There is no simple way out of this trap. Several years ago, I spent several years of my life trying to make a niché institution out of a mass-market one, and I know there are all kinds of challenges, not least the force of habit, that come in the way. It doesn't help that private higher ed is often driven by individual entrepreneurs, whose life perspectives define the institutional planning horizon: They know that the revolution is coming but expect this to happen over long term beyond their lifetime. But, of course, the technological change is already here and this is more like that of a strategic planner in the 90s who missed the Internet.
But I am not claiming that automation renders the private higher ed sector useless. There is more to the private higher ed than lean operations and efficiency. To start with, these institutions are often smaller and more responsive to their learners, treating them really as customers (unlike the public universities, which treat government as their preeminent customer). They are nimble in curriculum innovation, closer as they are to the demands of the recruiters, though these innovations can sometimes be poorly thought-out, inadequately resourced and opportunistically implemented. Their concept of 'quality', defined by the harsh realities of the competitive market, is closer to the lived realities of aspirational students than the public university's approach to it, the latter being defined by privilege and monopoly power. The private higher education institutions can play a significant role in the time of social change and economic transformation just as they did during the industrial revolution, provided the institutions concerned become strategically aware and committed to the dynamic of the local and global labour markets.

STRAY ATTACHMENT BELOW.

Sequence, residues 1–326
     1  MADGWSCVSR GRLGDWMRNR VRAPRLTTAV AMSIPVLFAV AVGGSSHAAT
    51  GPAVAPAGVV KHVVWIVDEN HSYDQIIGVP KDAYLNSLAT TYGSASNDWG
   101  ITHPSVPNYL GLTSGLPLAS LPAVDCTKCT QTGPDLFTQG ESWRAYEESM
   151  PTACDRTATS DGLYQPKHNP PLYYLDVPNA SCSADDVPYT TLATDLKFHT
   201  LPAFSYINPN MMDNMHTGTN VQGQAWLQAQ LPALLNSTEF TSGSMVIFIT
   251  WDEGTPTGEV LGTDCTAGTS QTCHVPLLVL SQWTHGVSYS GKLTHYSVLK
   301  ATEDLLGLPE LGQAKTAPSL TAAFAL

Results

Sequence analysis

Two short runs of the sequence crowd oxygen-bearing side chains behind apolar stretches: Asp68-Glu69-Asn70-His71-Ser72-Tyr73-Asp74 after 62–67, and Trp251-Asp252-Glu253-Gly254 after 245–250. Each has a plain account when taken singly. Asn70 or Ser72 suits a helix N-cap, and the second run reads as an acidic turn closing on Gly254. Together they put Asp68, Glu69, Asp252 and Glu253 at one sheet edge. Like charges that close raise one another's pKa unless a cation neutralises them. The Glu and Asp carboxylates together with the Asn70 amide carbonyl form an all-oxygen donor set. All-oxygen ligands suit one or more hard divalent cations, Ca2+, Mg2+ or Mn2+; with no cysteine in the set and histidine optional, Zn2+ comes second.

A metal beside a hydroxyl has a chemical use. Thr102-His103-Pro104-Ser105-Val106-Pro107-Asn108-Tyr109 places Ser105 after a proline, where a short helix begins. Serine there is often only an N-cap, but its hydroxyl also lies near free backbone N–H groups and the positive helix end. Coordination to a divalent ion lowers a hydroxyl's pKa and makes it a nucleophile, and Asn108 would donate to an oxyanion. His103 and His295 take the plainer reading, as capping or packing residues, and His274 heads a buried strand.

Which institutions survive this shake-up will be defined by their strategic agility. Just as we emerge from the pandemic, changes are inevitable in Higher Education: Campuses will become unattractive and uneconomical, online learning will become normalised and people's expectations will expand beyond just degrees. Some private higher ed institutions will emerge from the pack, harnessing the power of technology and longer-term perspectives to disrupt their own convenient business models. Instead of staying in familiar domains, they will embrace the new models of work, translating the formats into models of educational engagement. With innovative use of technology, they will, more than regulation obsessed public universities, widen the access and yet maintain deep engagement, a task in which their public counterparts have so far failed. They will look beyond sales prowess and bring innovation to all aspects of student experience, including admission and enrolment, design and delivery of the curriculum, student services, career counselling and placement, treating the students as individuals and addressing the needs of their whole person.
In short, coming of robots may destroy private higher ed sector as it stands today, but those institutions it would not destroy, would become stronger.